God wants you to ask for wisdom. He wants to give it to you. He wants you to know what is the right thing to do for your situation. The Bible tells us to ask God for wisdom, but what does asking really mean?
James 1:5-6, “If you need wisdom, ask our generous God, and He will give it to you. He will not rebuke you for asking. But when you ask Him, be sure that your faith is in God alone.” (NLT)
Think About It
Below are eight Biblical principles for asking.
Asking is to be continual
The word “ask” (aiteo) means to continually be prayerful regarding what you need from God as situations arise. When you sense the need for wisdom, ask for it. Continual means two things.
- Continual in the sense of longevity. It has the idea of praying consistently throughout your life for wisdom, insight, and understanding regarding what God’s will is and what you should do when facing that difficult person or situation. It’s praying at all times throughout your life. It’s letting prayer be part of your lifestyle. It’s normal for you to ask your Heavenly Father for wisdom throughout your marriage, while raising children, and throughout your senior adult years. Longevity.
- Continual in the sense of persistence. You don’t give up if you don’t receive the wisdom you need immediately. You are more determined to receive God’s wisdom that the devil is to keep it from you. You are persistent in asking and seeking for wisdom for your marriage, finances, and your reactions to unkind people and challenging situations.
Ephesians 6:18 includes both ideas when it says, “Pray in the Spirit at all times and on every occasion. Stay alert and be persistent in your prayers…” (NLT).
Asking implies urgency
Asking (aiteo) implies a sense of urgency. “Lord, I’m about to talk to this difficult person and I’m needing your wisdom on what to say or not say, what to do or not do. Help me to control my emotions in order to hear clearly what Your Spirit is saying to me at this moment.” This is not being in a hurry with God or impatient with Him, but you are focused on hearing from God because the situation requires insight quickly resulting in your undivided focus and attention.
Asking implies a test
When you sense that you need wisdom from God you can be confident that you have entered into one of many tests that God uses to build you and transform you. If you are being tested and it is not driving you closer to the Lord, the test may remain active and even intensify until you come to the throne of grace – until you “tune your ears to wisdom” and “concentrate on understanding” (Proverbs 2:2). If you “cry out for insight, and ask for understanding. Search for them as you would for silver; seek them like hidden treasures,” then “you will gain knowledge of God” (Proverbs 2:3, NLT). One of the reasons God wants you to ask is so you will draw closer to Him.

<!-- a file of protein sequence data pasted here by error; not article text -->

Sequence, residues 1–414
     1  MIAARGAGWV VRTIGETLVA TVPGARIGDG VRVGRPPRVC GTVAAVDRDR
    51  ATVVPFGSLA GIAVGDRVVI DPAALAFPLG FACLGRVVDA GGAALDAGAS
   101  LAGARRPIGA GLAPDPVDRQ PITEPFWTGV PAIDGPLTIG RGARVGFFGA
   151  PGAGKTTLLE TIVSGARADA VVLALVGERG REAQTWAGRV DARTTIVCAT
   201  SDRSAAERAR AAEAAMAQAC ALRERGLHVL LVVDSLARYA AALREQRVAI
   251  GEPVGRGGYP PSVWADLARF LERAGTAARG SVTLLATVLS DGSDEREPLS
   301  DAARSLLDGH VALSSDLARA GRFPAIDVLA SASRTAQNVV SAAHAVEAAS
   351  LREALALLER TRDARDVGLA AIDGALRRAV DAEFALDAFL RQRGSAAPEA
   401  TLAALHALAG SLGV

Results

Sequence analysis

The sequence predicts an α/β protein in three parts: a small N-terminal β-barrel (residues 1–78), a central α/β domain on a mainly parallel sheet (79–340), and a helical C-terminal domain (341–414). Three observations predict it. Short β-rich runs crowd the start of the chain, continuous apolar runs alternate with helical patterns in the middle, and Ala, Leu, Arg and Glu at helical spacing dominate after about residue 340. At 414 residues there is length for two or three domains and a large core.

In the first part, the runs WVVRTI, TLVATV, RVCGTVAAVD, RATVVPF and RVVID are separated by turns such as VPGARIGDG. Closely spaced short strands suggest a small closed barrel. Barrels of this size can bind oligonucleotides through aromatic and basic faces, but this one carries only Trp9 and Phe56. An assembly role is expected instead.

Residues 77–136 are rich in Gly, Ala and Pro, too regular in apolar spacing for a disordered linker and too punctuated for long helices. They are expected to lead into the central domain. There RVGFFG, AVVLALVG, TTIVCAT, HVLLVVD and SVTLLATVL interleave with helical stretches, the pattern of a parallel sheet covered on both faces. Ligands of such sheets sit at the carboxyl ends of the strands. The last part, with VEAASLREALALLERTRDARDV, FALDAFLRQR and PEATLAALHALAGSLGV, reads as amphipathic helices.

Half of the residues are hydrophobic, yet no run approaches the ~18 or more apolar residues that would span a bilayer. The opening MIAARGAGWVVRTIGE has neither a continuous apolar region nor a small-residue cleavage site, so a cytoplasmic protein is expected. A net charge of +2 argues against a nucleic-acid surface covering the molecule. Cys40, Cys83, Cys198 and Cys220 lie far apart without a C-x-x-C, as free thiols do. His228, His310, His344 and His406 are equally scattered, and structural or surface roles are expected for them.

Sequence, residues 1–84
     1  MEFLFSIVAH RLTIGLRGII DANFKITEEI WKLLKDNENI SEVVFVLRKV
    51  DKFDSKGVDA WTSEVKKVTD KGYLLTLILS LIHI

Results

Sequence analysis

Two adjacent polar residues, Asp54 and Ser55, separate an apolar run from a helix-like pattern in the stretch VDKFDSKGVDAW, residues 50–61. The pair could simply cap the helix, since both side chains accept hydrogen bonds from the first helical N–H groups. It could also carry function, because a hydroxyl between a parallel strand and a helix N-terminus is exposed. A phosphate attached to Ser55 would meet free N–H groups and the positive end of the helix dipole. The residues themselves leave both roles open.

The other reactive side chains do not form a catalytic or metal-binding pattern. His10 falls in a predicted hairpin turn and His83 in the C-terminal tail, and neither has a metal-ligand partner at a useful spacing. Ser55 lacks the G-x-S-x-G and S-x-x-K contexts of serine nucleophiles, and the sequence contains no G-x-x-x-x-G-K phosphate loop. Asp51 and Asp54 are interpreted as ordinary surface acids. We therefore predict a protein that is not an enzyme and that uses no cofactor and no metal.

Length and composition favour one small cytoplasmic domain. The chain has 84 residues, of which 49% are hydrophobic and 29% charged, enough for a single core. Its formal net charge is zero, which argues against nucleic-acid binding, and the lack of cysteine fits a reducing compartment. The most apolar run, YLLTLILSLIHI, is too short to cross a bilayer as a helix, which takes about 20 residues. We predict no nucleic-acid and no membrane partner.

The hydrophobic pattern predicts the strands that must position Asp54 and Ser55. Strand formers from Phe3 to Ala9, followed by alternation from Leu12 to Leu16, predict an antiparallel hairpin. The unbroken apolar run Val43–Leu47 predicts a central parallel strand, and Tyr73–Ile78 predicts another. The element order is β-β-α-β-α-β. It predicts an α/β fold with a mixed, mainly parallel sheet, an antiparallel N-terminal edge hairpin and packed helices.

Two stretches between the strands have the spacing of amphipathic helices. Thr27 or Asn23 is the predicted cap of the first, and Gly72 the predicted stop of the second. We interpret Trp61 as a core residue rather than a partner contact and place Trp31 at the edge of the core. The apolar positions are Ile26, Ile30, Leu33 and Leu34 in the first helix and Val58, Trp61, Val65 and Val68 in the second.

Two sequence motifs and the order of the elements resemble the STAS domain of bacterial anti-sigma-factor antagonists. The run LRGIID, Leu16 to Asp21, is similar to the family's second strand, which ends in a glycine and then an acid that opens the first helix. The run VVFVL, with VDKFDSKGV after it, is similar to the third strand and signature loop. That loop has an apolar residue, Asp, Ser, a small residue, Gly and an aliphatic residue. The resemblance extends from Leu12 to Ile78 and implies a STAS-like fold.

Asking implies a need
You may not want to admit it, but the very fact you are asking (aiteo) God for something is a humble act and acknowledges you have a need that you cannot meet on your own. I’m convinced that God often allows His people to go through various trials to help them truly see their need for Him and His wisdom. Some people only pray when life gets hard, so God will allow their life to get hard. When life seems easy and manageable we can think we are better off than we really are with God. This reminds me of the Laodicean church who thought they were rich and had no needs, but God’s view of them was that they were “wretched and miserable and poor and blind and naked” (Rev. 3:17, NLT). Asking reminds you how needy you really are before God. It keeps you humble.
Asking implies a gift
God has wisdom in abundance (Rom. 11:33) and is infinitely more willing to give you His wisdom than you are to ask for it. He nevertheless expects you to ask Him for it. Wisdom is not something God will impress or force on you. The Lord says, “For I know the plans I have for you. They are plans for good and not for disaster, to give you a future and a hope. In those days when you pray, I will listen. If you look for me wholeheartedly, you will find me” (Jeremiah 29:11-13, NLT). God wants you to ask for His wisdom so that you can experience the future and hope that He has planned for you. This is a gift He is telling you to ask for. Jesus said, “You can ask for anything in My name, and I will do it, so that the Son can bring glory to the Father. Yes, ask Me for anything in My name, and I will do it!” (John 14:13-14, NLT). One of those things is wisdom. Jesus wants to glorify the Father through you by giving you the wisdom to do what the Heavenly Father wants you to do. This wisdom you need is a gift that God wants to give to you. Ask for it.